Returning to Maui during baseball off-seasons to remind himself of the hard work required to succeed

Transcripts available in the following languages:

After the season's over I'd be winning the batting title. I come to Honolulu, I catch the next plane, I'll go to Maui and see the old house that I used to live, or the cane field when I was 12, 14 years old where I used to cut grass and all that. Just to go see that place because, see, I didn't want to forget those things because I saw how my father used to work before and that gave me something that when I go back to Japan I could try harder. [It] give me a good incentive to be a much better ball player. So, you know, sometimes ball players, they do well, they make good money. They forget about how they suffered when they were kids. But, all my life, even today, even I'm retired, but I never forgot that.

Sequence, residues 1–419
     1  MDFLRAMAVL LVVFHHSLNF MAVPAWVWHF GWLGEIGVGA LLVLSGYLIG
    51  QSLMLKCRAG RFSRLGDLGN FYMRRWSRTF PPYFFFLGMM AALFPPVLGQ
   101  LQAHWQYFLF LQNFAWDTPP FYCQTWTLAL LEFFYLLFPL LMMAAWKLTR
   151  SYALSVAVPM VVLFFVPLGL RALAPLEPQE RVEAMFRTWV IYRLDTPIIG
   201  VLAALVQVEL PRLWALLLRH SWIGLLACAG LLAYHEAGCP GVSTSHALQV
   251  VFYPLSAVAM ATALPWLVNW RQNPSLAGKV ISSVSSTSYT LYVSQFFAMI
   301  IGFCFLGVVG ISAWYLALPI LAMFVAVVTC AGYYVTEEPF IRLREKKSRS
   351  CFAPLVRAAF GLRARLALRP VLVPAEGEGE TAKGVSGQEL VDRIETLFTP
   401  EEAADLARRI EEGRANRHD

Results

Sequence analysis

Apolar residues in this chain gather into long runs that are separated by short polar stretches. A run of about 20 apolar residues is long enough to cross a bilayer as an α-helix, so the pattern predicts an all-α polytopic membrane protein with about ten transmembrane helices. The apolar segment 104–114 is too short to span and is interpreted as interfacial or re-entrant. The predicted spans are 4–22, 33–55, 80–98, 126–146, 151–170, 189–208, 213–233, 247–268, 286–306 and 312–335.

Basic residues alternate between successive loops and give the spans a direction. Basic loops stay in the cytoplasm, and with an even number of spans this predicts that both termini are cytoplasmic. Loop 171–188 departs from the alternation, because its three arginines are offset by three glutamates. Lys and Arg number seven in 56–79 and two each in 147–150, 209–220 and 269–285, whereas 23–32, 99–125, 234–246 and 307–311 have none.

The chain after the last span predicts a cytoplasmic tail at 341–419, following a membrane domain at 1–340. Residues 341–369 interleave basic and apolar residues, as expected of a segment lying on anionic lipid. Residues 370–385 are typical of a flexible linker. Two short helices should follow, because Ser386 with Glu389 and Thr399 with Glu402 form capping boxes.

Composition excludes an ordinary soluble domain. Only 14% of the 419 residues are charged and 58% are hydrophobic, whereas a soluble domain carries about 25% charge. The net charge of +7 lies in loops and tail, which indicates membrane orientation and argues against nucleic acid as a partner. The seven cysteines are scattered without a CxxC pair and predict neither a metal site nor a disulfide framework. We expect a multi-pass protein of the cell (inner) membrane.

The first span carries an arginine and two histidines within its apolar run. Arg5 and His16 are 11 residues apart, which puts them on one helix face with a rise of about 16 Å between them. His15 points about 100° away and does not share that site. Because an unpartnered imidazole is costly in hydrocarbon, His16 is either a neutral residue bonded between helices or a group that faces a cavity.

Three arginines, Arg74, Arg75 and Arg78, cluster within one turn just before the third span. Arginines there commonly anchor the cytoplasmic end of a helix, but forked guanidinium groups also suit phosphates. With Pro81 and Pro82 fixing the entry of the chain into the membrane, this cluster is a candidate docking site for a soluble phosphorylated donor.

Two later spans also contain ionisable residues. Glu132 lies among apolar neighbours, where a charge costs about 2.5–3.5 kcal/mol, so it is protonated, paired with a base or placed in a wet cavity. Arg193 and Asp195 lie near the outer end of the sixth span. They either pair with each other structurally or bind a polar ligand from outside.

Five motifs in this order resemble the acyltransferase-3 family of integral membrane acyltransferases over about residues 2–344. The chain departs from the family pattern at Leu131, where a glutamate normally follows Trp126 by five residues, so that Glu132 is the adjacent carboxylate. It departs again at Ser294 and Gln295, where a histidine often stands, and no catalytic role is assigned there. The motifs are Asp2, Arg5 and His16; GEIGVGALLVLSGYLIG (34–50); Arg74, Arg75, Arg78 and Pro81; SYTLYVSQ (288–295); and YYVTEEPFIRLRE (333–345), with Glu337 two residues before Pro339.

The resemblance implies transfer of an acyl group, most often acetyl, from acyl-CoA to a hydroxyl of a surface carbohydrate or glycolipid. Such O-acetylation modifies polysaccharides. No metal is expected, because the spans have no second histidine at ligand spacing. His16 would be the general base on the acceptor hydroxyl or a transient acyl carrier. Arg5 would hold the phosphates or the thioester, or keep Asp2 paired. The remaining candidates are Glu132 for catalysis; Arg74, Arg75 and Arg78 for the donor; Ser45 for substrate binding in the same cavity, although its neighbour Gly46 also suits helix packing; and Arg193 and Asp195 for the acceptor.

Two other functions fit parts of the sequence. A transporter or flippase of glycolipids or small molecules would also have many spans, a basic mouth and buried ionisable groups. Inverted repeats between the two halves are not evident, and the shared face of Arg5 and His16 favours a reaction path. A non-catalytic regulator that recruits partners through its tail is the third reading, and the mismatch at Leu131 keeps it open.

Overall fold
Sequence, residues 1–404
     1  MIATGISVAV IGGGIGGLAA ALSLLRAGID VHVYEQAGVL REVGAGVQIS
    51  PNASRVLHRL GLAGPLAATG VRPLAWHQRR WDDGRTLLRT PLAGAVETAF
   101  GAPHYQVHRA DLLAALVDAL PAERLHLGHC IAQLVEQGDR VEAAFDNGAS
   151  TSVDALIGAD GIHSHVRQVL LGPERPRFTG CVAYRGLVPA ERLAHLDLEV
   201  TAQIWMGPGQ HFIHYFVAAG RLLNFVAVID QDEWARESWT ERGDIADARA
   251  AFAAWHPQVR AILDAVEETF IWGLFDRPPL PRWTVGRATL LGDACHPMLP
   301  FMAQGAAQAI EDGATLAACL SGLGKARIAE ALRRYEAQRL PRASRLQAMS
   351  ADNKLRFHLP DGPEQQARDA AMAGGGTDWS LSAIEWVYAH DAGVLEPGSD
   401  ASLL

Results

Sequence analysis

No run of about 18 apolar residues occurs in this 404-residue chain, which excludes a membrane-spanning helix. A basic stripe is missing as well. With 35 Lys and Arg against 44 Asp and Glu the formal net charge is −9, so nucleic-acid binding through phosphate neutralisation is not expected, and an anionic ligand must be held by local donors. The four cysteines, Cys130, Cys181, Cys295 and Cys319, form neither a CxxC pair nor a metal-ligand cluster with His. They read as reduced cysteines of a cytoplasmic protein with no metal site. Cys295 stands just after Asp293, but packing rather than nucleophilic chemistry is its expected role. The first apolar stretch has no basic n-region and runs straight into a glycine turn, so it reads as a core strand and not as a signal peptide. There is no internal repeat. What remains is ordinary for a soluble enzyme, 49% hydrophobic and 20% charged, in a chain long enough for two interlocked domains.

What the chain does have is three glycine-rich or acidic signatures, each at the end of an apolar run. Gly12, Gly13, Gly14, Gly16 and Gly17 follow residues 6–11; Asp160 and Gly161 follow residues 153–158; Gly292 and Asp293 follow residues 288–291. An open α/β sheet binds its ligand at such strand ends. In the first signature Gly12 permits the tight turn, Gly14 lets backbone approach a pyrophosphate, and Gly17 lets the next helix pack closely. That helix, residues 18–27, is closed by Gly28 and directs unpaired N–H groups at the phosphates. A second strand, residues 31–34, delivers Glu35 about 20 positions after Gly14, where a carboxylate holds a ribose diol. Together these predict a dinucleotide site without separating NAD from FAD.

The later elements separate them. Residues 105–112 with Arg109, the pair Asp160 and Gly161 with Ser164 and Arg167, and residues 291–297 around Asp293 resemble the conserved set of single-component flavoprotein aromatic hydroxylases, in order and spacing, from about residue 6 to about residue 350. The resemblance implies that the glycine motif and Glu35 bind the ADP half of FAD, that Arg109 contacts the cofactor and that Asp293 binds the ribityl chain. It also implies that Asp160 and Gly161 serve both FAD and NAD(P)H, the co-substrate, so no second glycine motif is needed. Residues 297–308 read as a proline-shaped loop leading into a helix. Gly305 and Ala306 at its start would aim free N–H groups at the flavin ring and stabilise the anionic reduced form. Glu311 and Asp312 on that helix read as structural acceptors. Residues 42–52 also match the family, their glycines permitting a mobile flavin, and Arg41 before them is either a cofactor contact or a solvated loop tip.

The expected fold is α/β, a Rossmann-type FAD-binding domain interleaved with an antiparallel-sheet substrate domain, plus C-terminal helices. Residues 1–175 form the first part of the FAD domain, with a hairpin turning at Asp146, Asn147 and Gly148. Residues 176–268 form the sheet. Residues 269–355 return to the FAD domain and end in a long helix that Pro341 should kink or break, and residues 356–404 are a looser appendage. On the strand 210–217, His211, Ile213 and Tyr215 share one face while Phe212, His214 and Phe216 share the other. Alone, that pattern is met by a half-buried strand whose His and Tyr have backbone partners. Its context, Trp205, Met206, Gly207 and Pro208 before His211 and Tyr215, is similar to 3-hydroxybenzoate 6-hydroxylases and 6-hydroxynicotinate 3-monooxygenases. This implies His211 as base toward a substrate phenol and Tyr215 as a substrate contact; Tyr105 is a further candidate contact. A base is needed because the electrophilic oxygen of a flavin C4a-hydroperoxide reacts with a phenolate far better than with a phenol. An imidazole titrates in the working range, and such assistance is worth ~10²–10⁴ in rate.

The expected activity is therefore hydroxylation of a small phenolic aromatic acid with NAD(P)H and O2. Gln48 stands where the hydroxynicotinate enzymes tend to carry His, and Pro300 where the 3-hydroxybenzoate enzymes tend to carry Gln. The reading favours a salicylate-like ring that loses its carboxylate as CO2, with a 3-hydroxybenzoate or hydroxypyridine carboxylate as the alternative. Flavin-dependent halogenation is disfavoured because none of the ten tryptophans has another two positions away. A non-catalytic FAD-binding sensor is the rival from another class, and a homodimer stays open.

Date: December 16, 2003
Location: Hawai'i, US
Interviewer: Art Hansen, John Esaki
Contributed by: Watase Media Arts Center, Japanese American National Museum.

baseball identity

Nikkei Heroes: Trailblazers, Role Models, and Inspirations

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